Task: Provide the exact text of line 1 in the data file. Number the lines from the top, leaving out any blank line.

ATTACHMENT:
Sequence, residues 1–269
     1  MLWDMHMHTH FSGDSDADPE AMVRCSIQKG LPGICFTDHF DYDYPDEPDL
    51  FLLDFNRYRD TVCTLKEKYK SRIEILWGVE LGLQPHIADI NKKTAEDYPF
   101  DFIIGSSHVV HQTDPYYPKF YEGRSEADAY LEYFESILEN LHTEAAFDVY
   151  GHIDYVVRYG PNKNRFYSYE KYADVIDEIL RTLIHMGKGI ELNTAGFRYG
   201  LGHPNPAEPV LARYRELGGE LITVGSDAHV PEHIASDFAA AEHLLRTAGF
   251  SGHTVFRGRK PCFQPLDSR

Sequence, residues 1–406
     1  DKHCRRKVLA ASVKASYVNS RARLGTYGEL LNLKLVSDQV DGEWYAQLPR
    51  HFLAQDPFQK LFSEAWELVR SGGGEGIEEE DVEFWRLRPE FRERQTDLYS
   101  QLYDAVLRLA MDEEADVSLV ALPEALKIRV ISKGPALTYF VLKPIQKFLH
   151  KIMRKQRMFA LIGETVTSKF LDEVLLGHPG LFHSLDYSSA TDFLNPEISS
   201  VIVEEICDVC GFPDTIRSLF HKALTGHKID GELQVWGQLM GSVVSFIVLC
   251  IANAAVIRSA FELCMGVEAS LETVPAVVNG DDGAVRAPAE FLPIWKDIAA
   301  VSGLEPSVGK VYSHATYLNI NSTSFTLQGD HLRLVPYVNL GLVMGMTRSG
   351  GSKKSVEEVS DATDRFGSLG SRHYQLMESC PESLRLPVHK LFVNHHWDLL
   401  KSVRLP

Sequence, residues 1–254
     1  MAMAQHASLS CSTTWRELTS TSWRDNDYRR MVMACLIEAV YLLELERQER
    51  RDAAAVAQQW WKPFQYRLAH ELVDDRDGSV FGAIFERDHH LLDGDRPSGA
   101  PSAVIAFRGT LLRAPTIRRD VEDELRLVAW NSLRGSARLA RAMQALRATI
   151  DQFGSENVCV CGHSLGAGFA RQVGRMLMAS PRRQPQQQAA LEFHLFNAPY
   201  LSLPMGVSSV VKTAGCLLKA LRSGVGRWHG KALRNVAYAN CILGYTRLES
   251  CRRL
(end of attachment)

Sequence, residues 1–269